Boy from Demerara Road rises above adversity

Collin Gibbs graduating from UTT in 2016, where he completed a diploma in civil engineering

(Trinidad Guardian) Look­ing at 25-year-old Collin Gibbs, at first glance, one sees a smart­ly dressed and peace­ful look­ing young man. He’s soft-spo­ken but so ar­tic­u­lat­e. No one would be­lieve that just 13 years ago, the Min­istry of Works and Trans­port em­ploy­ee was com­plete­ly il­lit­er­ate and al­so a vic­tim of child ne­glect. In his in­ter­view with the Sun­day Guardian, he chron­i­cles the events of his child­hood, which most­ly evokes over­whelm­ing emo­tions of sad­ness but al­so un­de­ni­ably speaks of his stark re­silience.

Gibbs grew up with his moth­er, Coreen Gibbs, an al­co­holic and his step­fa­ther, Tim­o­thy Pierre, a con­vict­ed mur­der­er. His bi­o­log­i­cal fa­ther aban­doned him from birth.

A young Gibbs spent his days home with his broth­er while his sis­ters were sent to school. It was the be­lief of Pierre, a se­mi-lit­er­ate, that the boys should not be ed­u­cat­ed. There was no op­po­si­tion from their moth­er as Pierre was the sole bread­win­ner.

Gibbs al­so de­scribed his step­fa­ther as a very con­trol­ling and bel­liger­ent man. They were nev­er al­lowed to play out­doors with oth­er chil­dren, nor could any­one—fam­i­ly or friend, vis­it the home. He was al­so oc­ca­sion­al­ly abu­sive, both ver­bal­ly and phys­i­cal­ly. And of­ten times, they would be sent to bed very ear­ly in the evening.

Wak­ing ear­ly one morn­ing in 2005, Gibbs knew right away some­thing was wrong when he saw his old­er sis­ter, Sta­cy, miss­ing from the spot in which she usu­al­ly slept. At first thought, he be­lieved she might have run away again hav­ing done it be­fore, when she took him with her and es­caped to Pin­to, about a kilo­me­tre away from De­mer­ara Road in Ari­ma, where they lived.

He was fur­ther con­vinced she ran away when his step­fa­ther sent him and his old­er broth­er Ryan in search of her.

“While we were look­ing for her, Ryan said, ‘Collin, Pierre killed Sta­cy.’” I could not be­lieve it and I doubt­ed him, even call­ing him crazy be­cause it just did not make sense. It was years that we were liv­ing with him.”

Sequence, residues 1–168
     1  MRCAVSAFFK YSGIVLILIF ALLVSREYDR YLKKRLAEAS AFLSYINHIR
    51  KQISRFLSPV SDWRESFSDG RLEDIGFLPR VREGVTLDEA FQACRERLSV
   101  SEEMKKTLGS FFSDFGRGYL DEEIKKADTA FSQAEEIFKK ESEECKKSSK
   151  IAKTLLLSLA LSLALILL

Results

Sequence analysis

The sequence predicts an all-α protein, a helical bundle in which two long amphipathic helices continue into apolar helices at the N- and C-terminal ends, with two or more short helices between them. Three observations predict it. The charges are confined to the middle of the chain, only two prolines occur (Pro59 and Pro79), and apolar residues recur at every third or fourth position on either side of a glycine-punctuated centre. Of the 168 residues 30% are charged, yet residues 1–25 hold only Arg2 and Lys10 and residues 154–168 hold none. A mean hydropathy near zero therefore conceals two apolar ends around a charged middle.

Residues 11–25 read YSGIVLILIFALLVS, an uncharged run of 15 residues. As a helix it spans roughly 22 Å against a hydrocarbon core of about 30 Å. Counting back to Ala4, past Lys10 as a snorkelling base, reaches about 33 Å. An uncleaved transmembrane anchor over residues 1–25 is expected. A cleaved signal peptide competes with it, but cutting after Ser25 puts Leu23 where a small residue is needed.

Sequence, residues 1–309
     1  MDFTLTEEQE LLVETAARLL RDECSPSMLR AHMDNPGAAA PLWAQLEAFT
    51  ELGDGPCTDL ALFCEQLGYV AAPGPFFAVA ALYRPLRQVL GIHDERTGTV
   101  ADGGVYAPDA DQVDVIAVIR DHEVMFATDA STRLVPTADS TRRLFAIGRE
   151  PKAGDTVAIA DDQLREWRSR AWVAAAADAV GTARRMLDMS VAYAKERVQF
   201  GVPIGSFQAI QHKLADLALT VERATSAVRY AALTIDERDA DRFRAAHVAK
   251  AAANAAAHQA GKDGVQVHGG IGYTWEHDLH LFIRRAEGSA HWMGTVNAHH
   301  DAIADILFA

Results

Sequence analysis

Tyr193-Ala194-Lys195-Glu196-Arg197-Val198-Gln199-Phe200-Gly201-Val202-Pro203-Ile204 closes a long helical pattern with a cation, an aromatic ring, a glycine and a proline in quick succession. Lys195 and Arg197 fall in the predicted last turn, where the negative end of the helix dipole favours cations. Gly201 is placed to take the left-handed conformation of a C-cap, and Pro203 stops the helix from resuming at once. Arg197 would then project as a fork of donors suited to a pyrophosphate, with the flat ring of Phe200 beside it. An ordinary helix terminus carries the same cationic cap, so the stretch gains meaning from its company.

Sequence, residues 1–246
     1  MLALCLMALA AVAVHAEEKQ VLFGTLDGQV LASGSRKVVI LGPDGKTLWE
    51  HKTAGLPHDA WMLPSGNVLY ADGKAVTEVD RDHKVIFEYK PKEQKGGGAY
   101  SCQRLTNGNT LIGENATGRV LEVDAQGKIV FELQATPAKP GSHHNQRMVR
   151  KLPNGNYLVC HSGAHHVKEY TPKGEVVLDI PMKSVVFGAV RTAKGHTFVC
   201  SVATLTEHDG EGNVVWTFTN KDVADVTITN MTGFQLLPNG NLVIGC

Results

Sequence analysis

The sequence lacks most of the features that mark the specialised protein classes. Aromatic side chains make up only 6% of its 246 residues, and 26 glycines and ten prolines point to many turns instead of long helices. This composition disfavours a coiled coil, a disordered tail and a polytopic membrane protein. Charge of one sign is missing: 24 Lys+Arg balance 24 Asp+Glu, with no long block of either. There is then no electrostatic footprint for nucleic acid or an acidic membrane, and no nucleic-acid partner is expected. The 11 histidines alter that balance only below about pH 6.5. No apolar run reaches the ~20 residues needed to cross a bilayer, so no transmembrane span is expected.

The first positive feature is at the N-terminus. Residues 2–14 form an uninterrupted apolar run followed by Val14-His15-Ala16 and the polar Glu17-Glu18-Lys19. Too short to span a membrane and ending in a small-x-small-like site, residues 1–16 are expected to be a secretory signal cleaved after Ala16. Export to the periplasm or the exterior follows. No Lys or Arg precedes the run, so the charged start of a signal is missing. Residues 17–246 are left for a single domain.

Ryan sub­se­quent­ly com­mu­ni­cat­ed the same mes­sage to their moth­er who al­so could not be­lieve that her com­mon-law hus­band of so many years would com­mit such a crime, let alone against one of his stepchil­dren. But with Sta­cy miss­ing and no in­cli­na­tion to her where­abouts, she fi­nal­ly con­front­ed her hus­band, ask­ing him if he killed their Sta­cy. He ve­he­ment­ly de­nied it un­til Ryan told an aunt who alert­ed the po­lice. Pierre was in­ter­ro­gat­ed and even­tu­al­ly con­fessed to the killing. Based on his con­fes­sion an ex­ca­va­tion was car­ried out to re­trieve the body, which was dumped mere me­ters away from their home.

Through a con­sid­er­ably gen­er­ous crack in the wood­en di­lap­i­dat­ed struc­ture in which they lived, Gibbs said his broth­er wit­nessed Pierre rape, stran­gle and chop Sta­cy, be­fore wrap­ping her body in plas­tic and dump­ing it in a cesspit, across the street from their home, al­so dump­ing a bag of ce­ment on top her life­less body, per­haps in the hope of dis­guis­ing it. In 2016, af­ter 11 years, Pierre was fi­nal­ly con­vict­ed and sen­tenced to life im­pris­on­ment.

The mur­der of her first­born, deal­ing with grief and de­nial, made Gibbs’s moth­er be­come in­creas­ing­ly de­pen­dent on al­co­hol, even reg­u­lar­ly drink­ing the phar­ma­ceu­ti­cal bay rum.

At this junc­ture, the lives of the four re­main­ing chil­dren got even more tu­mul­tuous. They would be con­sis­tent­ly mov­ing from house to house—stay­ing at fam­i­ly, neigh­bours and at times, even com­plete strangers.

Gibbs would as­sume the role of “fa­ther” to his sis­ters, look­ing af­ter them and en­sur­ing they at­tend­ed school with what­ev­er lit­tle as­sis­tance they could get from those who took ‘pity’ up­on them. Coreen—a short stature mixed-race woman—was too ‘strung out’ on al­co­hol to ex­e­cute her role and func­tion as a par­ent.